Geothermal industry in the Netherlands has promising potential for strong growth
With potentially 70 new projects in the pipeline, the Dutch geothermal sector is poised for strong growth in the coming years according to this release by Geothermie Nederland
In a press release, Geothermie Nederland expressed how the country’s geothermal industry is on pace for very strong growth in the next few years. However, the organizations also calls for a faster licensing process and a Mining Act that is properly aligned with the goals and needs of the geothermal sector.
Netherlands currently has 28 operating geothermal projects. These are geothermal doublets used mostly for heating in greenhouse horticulture, but some also supply heat to houses and buildings. With 70 other projects in the pipeline, the number of geothermal projects in the country can reach 100 in the coming years.
These measures are instrumental in attaining the country’s goal of 55% to 60% CO2 emissions by 2030. The Dutch geothermal sector is still very young but it has gained interest from major market players. Geothermal has the potential of supplying about 25% of the country’s heat demand and possibly more than 50% of the heating requirement of the horticulture industry.
A faster licensing process
Among the most important needs of the sector is a process that grants licenses faster. Just for 2022, there are already 22 geothermal projects set to receive subsidies under the Incentive Scheme for Sustainable Energy Production (SDE) program. However, these projects may not be executed in time for the SDE deadline because of delayed granting of permits.
This very long permitting process has been described as being “disastrous” for the industry. Not only are projects losing funding, but it results to waning confidence from investors and suppliers. Geothermie Nederland calls for the SDE realization term to be extended from 4 to 6 years, and for the Ministry of Economic Affairs to simplify the licensing process.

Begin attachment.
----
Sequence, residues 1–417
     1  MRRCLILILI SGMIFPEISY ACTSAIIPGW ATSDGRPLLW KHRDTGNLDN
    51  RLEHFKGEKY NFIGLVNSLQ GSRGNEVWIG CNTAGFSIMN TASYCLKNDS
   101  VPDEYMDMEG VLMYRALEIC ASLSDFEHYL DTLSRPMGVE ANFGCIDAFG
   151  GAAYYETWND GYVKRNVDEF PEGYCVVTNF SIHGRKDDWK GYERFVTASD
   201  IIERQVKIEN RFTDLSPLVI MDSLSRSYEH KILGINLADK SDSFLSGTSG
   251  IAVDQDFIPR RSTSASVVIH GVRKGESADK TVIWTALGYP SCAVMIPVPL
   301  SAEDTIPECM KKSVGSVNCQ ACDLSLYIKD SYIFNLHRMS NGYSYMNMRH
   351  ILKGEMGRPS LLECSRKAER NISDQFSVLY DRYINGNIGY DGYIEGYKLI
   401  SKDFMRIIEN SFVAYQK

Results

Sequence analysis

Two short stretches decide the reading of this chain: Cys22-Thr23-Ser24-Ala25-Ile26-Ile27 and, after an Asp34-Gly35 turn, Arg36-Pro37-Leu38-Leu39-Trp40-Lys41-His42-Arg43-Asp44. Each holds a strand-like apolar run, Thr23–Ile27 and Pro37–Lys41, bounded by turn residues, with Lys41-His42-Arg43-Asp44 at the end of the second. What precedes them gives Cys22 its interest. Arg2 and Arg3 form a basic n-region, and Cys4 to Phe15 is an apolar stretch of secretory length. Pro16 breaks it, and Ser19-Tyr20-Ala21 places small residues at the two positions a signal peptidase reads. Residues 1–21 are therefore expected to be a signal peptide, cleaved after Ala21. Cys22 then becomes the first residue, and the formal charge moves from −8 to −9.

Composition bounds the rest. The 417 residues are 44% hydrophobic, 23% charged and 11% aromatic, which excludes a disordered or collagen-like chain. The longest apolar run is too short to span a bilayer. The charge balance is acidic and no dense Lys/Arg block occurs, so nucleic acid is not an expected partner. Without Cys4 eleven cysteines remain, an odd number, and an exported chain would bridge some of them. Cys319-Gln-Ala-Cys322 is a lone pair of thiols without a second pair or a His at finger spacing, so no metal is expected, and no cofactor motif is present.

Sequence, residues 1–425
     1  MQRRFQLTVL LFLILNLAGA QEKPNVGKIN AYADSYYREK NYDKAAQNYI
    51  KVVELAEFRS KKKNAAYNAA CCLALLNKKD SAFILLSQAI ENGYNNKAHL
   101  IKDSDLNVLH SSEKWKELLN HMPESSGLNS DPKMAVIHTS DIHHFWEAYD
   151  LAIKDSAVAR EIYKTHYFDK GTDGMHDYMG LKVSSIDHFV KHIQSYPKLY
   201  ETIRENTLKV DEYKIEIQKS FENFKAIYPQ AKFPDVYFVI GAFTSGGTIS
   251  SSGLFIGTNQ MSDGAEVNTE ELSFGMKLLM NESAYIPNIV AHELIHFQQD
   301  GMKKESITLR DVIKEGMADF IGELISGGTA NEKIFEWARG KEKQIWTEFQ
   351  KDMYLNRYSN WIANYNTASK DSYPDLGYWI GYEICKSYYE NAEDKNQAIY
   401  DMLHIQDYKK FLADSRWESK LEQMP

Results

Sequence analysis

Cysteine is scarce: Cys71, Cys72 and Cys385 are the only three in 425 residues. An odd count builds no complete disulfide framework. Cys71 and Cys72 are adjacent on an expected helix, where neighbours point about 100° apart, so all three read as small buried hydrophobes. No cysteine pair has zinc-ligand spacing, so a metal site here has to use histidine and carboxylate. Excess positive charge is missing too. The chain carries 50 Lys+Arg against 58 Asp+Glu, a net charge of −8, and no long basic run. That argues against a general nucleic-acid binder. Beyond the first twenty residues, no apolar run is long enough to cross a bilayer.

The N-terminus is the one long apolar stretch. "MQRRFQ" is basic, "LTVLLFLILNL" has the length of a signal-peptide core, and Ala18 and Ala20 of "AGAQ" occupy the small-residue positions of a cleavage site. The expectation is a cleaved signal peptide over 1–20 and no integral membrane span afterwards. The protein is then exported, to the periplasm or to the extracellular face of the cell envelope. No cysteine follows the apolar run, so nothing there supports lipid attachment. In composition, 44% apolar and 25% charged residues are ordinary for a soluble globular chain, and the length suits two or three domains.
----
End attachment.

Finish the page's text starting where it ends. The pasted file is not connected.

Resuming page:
Amendments to the Mining Act
Geothermie Nederland also calls for attention to the new amendments being made to the Mining Act to ensure that they are aligned with the needs of the geothermal sector. Among the parts of the law that need to be improved are the frameworks for defining the area for heat sales, regulation of competing sectors, and criteria for granting follow-up permits compared to the initial permits.
Addressing the risks
Relating to the potential of geothermal in Netherlands, Geothermie Nederland has released a sector document titled “Geothermal Energy – in the starting blocks for strong growth”. You may access the document through this link.
A section of the document addresses the common risks perceived in developing a geothermal project, namely the generation of seismicity and how geothermal drilling can affect the quality of drinking water from groundwater. These risks are mitigated through a number of measures:
- A risk analysis is needed before a geothermal permit is granted by the Ministry of Economic Affairs
- An environmental permit takes into account the presence of groundwater protection areas and drilling-free zones
- The use of an Industry Standard Sustainable Well Design that aims to minimize the risk of seismicity. This well design takes into account the whole life cycle of the well, from design to decommissioning.
- Agreements on how damage from seismicity will be handled in a transparent manner
- Well design provides multiple protection walls separating geothermal fluids from groundwater. Continuous monitoring of well integrity is done so that immediate action can be taken, if necessary.
Source: Geothermie Nederland